By Gerald Finken, R.Ph., M.S.
The clinical issues the industry is faced with today are the same issues that have been around for years, but exacerbated by the current economic and political climate. These issues, including timelines, costs, resources, and limited drug product, all plague a sponsor at one time or another.
Clinical trial studies are constantly changing, with each change affecting timelines, resources, and drug requirements. Looking at the current clinical supplies process, the focus is primarily on commercial GMP practices, which have few products, few strengths, and large batches with operations that are automated and limit change. Over the years, it has become clear that with clinical supplies, the focus needs to be on a GMP process that allows for many products, many strengths, and small batches with operations that are manual and constantly changing.
In 2008, the FDA issued a guidance document that addressed IDP (investigational drug product) for certain Phase 1 studies, stating: “Because certain requirements in part 211, which implement 501(a)(2)(B) of the FD&C Act, were directed at the commercial manufacture of products typically characterized by large, repetitive, commercial batch production, they may not be appropriate to the manufacture of most investigational drugs used for Phase 1 clinical trials.” (quoted from Guidance for Industry cGMP for Phase 1 Investigational Drugs)
As the FDA and the European Medicines Agency (EMEA) clearly realized, the adoption of regulations meant for commercial manufacturing does not necessarily mean that the commercial practices and operations management systems will work well for IDP manufacturing, packaging, and labeling.
The Next Generation Of Packaging And Labeling
Given the unique manufacturing, packaging, and labeling needs of clinical trials, the industry has looked for innovative ways to manage clinical trial material (CTM) while still adhering to GMP processes. Many commercial manufacturing methods have been adopted, including just in time (JIT) and lean manufacturing. However, clinical trial flexibility and the need for change is a constant concern with these methods.
Recently, many companies have begun to utilize a packaging and labeling method that mimics pharmacy dispensing: preparing CTM after the receipt of a shipment request, versus waiting to prepare the material in bulk. The purpose is to produce only what is requested, when it is requested, and most importantly, be able to ship the requested supplies the next day (or within the industry standard of one to three days). Because supplies are prepared only as needed, study changes affecting clinical supplies may be implemented almost immediately with minimal waste, delay, or rework.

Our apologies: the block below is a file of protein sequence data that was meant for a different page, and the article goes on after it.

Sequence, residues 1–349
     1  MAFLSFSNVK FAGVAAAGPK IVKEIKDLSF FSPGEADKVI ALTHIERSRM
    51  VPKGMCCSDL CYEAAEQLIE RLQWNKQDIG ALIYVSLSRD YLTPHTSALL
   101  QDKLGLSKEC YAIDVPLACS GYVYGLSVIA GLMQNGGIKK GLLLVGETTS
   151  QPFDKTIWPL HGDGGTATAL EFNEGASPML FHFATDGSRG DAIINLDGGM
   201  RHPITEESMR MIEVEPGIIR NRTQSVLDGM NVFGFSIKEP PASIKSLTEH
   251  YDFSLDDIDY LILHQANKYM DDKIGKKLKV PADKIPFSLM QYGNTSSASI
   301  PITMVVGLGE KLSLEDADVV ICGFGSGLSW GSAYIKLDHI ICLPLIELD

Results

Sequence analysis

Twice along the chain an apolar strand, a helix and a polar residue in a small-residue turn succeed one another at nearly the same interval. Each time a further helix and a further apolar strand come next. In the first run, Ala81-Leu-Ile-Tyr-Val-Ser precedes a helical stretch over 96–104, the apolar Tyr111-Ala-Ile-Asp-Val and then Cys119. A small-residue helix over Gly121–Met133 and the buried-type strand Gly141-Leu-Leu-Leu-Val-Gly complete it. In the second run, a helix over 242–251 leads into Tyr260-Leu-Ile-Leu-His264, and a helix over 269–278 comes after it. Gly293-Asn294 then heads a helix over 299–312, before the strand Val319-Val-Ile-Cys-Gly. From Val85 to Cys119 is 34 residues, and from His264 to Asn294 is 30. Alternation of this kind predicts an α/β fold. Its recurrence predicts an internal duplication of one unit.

Where this method has really benefited companies is when IDP is in short supply, expensive, or has a short retest date or short period of use upon “activation.” When IDP is prepared, it is labeled with the most current retest date and is sent to the site(s). With this, there is no risk of preparing too much, only to have it expire on the shelf due to study enrollment or other issues. For example, when produced in bulk, kits sit at study sites waiting for patients to be ready. As a study progresses, there is always potential for patients to drop out, which means time-sensitive kits end up going to waste. Also, with supplies that require activation, clients usually prefer that the sites are not responsible for activating or dealing with this part of the drug preparation.
This method has also helped in adaptive randomizations when the dosages of drugs change or the study starts with multiple dosage strengths, and then based on the patient’s response, the dosage range is altered. Because you prepare only what is requested, doses can change easily without the need to package and label all options, not knowing which option will be the one chosen as the study progresses.
As mergers, downsizing, and cost cutting continue, the industry must look for ways to significantly decrease timelines and allow for change while maintaining flexibility. As new operational methods continue to emerge, they will allow us to focus on delivering protocol-specific drug supplies as requested, when needed, all while being cost-effective.
Gerald Finken has almost 30 years of clinical supplies experience in the biotechnology and pharmaceutical industries. He is the founder and CEO of Clinical Supplies Management, Inc., in Fargo, ND.